An Embarrassment of Riches: Discovering a Thesis Topic and the Joys of Paris
Charlotte Andreano is a Columbia College second-year majoring in History. She studied at Reid Hall in Summer 2023. As part of the English track, she was enrolled in “Blackness in French: From Harlem to Paris and Beyond” and “France's Abolitions and Republics,” two courses taught by members of the Black France Consortium, an inter-university initiative between Columbia University, Dartmouth College, and Princeton dedicated to Black French Studies.
“I’ve had so many calls with friends and parents to just rave about these courses,” said Charlotte. “They've been the highlight of my summer.” She told us that by the end of the first day, she had an idea for a thesis. Over the course of the summer, she developed this new direction for her major. “How can I bridge this emerging interest in the study of the Atlantic slave trade colonies and post colonial life with my Spanish knowledge?” she wondered. “I've always, from a distance, been really interested in translation,” Charlotte said. “What essence do you keep and what remains in the original language?” This is the question she hopes to study further in a potential thesis on the Spanish slave trade, inspired by her professors who themselves have done translation work throughout their own explorations of history, language, and culture.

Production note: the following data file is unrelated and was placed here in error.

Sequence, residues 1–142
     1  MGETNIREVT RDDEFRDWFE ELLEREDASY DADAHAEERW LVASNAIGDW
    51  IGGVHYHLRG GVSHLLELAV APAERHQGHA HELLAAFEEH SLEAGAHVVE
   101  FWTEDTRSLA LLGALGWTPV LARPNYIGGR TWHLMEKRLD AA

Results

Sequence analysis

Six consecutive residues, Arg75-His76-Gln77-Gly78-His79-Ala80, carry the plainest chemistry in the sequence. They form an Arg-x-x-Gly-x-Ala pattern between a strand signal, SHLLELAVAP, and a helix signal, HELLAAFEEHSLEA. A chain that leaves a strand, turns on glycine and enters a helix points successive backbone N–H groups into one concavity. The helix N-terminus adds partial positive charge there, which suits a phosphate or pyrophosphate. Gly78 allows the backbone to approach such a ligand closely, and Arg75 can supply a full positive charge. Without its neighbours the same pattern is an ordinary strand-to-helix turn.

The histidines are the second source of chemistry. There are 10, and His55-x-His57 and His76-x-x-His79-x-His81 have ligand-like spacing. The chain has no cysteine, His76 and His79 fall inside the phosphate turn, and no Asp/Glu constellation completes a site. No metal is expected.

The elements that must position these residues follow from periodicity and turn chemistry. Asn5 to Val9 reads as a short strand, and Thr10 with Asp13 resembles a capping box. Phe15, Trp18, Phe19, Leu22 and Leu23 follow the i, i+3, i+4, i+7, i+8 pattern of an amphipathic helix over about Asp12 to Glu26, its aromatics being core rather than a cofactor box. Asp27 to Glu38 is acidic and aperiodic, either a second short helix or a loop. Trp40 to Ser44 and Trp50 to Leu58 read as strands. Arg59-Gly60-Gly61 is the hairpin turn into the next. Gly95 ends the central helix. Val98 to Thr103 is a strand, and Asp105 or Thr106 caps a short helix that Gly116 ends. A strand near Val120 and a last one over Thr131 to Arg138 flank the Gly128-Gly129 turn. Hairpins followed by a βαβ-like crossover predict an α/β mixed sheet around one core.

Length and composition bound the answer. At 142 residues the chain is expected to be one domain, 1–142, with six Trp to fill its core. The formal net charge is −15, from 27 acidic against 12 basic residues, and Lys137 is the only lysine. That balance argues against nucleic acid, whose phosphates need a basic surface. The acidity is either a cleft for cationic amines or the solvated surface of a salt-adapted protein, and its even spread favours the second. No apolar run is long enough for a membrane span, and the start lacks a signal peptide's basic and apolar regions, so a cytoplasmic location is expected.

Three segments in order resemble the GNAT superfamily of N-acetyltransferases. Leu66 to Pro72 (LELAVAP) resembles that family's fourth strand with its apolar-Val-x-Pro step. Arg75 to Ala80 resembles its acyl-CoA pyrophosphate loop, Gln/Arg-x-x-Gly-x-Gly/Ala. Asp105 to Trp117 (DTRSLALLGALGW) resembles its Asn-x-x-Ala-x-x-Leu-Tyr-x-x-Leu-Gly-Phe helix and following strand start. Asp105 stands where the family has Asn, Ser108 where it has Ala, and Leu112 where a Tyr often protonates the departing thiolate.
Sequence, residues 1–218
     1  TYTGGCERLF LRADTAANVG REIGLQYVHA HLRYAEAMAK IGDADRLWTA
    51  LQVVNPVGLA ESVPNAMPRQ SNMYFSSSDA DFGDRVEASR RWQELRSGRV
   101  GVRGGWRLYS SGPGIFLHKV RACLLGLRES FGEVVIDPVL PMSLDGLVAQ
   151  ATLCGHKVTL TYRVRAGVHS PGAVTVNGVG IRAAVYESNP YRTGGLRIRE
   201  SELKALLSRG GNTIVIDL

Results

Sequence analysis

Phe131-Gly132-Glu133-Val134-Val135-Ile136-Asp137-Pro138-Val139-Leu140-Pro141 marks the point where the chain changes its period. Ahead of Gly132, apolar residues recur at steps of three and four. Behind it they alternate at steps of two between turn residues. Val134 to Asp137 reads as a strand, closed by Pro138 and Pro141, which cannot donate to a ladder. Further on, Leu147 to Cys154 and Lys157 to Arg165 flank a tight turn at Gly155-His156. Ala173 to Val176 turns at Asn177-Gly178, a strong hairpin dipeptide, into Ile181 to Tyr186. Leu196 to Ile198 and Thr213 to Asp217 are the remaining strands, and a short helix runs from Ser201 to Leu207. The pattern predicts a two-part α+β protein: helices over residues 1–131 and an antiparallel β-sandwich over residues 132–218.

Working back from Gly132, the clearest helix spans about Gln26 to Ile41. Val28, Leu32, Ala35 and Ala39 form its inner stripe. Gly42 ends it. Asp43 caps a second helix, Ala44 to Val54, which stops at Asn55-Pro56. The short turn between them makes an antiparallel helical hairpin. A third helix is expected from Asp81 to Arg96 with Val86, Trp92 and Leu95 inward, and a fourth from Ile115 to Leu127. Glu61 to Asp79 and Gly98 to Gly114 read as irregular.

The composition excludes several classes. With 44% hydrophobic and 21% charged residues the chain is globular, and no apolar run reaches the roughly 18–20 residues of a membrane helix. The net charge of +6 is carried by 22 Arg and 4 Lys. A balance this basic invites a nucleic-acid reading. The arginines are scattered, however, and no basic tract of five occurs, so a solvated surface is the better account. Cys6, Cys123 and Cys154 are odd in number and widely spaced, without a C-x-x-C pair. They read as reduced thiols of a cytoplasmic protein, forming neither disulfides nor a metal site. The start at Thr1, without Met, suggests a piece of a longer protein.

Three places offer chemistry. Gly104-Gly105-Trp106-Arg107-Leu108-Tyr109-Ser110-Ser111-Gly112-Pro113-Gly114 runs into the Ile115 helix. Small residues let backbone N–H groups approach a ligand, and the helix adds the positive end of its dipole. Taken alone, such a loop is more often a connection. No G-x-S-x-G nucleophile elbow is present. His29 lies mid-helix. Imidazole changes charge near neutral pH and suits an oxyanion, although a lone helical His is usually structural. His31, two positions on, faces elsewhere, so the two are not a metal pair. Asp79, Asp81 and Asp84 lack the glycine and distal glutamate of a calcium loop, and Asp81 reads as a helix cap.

“I was wowed by how eloquent and genius my professors were,” Charlotte said, “These classes seemed so important.” She spoke of how her time in these classes led her to “want to explore things outside of them. Every single excursion and reading has been truly important to me.” A course lecture from a visiting scholar that discussed representations of slavery in the Louvre, equipped her to have “a different view that made for a much more curated visit” when she later visited the museum.
“Something that impressed me time and time again,” Charlotte said, was the summer’s Black France on Film series. Four screenings provided an overview of Black French experiences on film from the early 20th Century to today, commented on by guest scholars, filmmakers, and public intellectuals. Consortium students gathered beforehand over dinner and helped run the public event during the screening. “It feels like a privilege to have scholars in conversation with each other,” Charlotte said, reflecting on encounters at these events and in the classroom.
Charlotte’s advice to future students is to “speak French in interactions that only require five words anyway.” As someone who doesn’t know any French, she was reassured to learn throughout her time in Paris that, pronunciation and grammar aside, “if you're going to get a coffee and you end the sentence with ‘cappuccino,’ you're going to get a cappuccino. So why have those first four words be English? Having it be a French interaction is really fulfilling.” This summer inspired her to add Elementary French to her course registration wishlist.
“I’ve felt a sense of luxury while being a student. I’ve had maybe two hot chocolates a day since being here.” She encouraged students to make sure to “go out and get your filet de boeuf and your steak frites,” because “you have to live as a student but also recognize that Paris is an elevated place. Getting to do both is like an embarrassment of riches.”